New study on ‘digital abuse’ & youth

New national sexting numbers that have sparked headlines all over the Web about higher-than-ever sexting rates among US youth actually show that 90% have not sent naked photos to someone. Sammy, a San Francisco 16-year-old cited in the Associated Press’s coverage and one of the 10% of youth who have sent “sexts,” told the AP that he probably wouldn’t do it again knowing that sexting could bring felony charges. I think all the above says a lot about the importance of 1) educating teens about this (see ConnectSafely’s tips for starters ) 2) reporting surveys accurately, and 3) applying some critical thinking to breaking news. [In CNET’s coverage, co-director Larry Magid points out that the MTV/AP study of 1,247 14-to-24-year-olds “confirms what many Internet safety experts have been saying for the past several months: Young people are far more likely to experience problems online from their peers or from their own indiscretions than from adult predators.”]

Here are some highlights from the AP/MTV survey:

* The 50% figure you may’ve seen in some headlines refers to the percentage of youth who have experienced “digital abuse from the mild to the extreme,” including spreading lies, violation of trust, and digital disrespect.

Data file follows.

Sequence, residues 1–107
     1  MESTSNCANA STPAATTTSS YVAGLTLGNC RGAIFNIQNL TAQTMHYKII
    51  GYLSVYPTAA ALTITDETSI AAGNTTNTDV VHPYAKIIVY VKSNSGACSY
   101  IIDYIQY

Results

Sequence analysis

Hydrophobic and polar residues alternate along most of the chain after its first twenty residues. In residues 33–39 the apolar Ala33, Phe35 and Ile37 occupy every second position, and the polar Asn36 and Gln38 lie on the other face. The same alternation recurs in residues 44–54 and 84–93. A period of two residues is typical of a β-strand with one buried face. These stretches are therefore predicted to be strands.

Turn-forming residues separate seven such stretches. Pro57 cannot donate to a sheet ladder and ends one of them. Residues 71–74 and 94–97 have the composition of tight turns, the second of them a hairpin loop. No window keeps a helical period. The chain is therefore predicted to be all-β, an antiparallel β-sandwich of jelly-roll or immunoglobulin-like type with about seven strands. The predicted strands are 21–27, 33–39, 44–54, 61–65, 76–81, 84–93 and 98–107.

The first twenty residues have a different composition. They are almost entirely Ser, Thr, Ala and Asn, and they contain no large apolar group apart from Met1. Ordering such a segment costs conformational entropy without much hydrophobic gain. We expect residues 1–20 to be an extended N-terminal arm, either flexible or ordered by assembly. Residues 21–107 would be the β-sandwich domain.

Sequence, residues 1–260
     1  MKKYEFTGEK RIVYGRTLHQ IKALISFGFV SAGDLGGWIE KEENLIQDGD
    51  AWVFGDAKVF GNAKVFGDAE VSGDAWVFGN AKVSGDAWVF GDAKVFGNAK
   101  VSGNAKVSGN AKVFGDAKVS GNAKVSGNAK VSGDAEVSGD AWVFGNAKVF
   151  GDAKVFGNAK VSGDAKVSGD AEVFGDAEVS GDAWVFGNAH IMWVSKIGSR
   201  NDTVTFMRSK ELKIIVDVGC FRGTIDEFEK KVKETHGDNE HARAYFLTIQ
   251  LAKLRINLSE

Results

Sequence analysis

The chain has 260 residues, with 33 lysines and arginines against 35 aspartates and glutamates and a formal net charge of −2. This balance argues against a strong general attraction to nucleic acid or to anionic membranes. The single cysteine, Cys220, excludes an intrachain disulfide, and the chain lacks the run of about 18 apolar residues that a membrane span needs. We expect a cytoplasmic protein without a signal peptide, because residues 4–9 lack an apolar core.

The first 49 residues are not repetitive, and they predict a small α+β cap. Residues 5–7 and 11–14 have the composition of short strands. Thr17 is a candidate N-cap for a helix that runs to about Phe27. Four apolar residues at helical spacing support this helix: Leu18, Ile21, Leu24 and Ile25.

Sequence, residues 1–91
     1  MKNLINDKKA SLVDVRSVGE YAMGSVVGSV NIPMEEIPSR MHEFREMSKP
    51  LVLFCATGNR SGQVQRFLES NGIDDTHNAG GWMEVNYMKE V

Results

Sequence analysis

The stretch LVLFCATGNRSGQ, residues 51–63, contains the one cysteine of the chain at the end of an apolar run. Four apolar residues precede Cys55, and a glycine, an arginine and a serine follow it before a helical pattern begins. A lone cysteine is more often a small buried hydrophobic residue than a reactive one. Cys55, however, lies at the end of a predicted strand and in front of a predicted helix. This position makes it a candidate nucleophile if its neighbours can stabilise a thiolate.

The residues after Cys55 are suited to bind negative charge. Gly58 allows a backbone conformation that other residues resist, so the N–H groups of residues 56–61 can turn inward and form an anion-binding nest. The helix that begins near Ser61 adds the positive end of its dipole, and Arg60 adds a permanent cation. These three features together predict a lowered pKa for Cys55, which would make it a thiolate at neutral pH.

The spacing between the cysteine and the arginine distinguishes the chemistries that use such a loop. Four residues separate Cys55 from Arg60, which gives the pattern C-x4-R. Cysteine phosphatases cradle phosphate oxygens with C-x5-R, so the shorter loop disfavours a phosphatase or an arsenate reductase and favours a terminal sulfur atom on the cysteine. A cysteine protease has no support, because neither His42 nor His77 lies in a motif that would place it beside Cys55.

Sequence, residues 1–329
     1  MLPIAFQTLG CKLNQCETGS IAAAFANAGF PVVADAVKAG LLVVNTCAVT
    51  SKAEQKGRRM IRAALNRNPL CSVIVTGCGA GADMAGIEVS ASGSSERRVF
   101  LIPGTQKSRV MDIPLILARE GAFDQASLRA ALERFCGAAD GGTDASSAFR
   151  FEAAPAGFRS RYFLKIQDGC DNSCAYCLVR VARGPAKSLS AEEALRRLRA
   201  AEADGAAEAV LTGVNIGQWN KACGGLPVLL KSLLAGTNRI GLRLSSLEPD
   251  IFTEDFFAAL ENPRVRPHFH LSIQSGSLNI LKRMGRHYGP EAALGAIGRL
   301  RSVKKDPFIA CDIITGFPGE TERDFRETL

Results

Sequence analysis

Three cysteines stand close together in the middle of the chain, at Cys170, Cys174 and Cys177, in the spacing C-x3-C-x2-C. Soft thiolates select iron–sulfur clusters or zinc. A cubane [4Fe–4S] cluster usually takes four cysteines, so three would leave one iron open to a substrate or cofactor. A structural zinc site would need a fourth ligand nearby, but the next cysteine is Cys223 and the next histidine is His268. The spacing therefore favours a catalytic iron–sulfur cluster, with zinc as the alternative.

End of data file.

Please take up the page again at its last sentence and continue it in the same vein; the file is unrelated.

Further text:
* 30% have been involved in some type of naked photo-sharing.
* 10% have actually sent sexting photos, females more than males (13% vs. 9%, respectively).
* 45% of sexually active youth report being involved with sexting. * Young people have complex views of sexting, calling it everything from “hot” and “trusting” to “uncomfortable” and “slutty,” and those who don’t engage in it calling it “gross,” “uncomfortable,” and “stupid.”
* In the “dating abuse” area, 22% say their significant others check up on them too often (see other interesting data in that category).
* 76% say digital abuse is a serious problem for people their age.
* 51% “say they have thought about the idea that things they post online could come back to hurt them”; and only 25% have given at least some thought to the idea that what they post could get them in trouble with the police and 28% in trouble at school.

There’s lots more interesting data, so please click to the pdf summary at for more.

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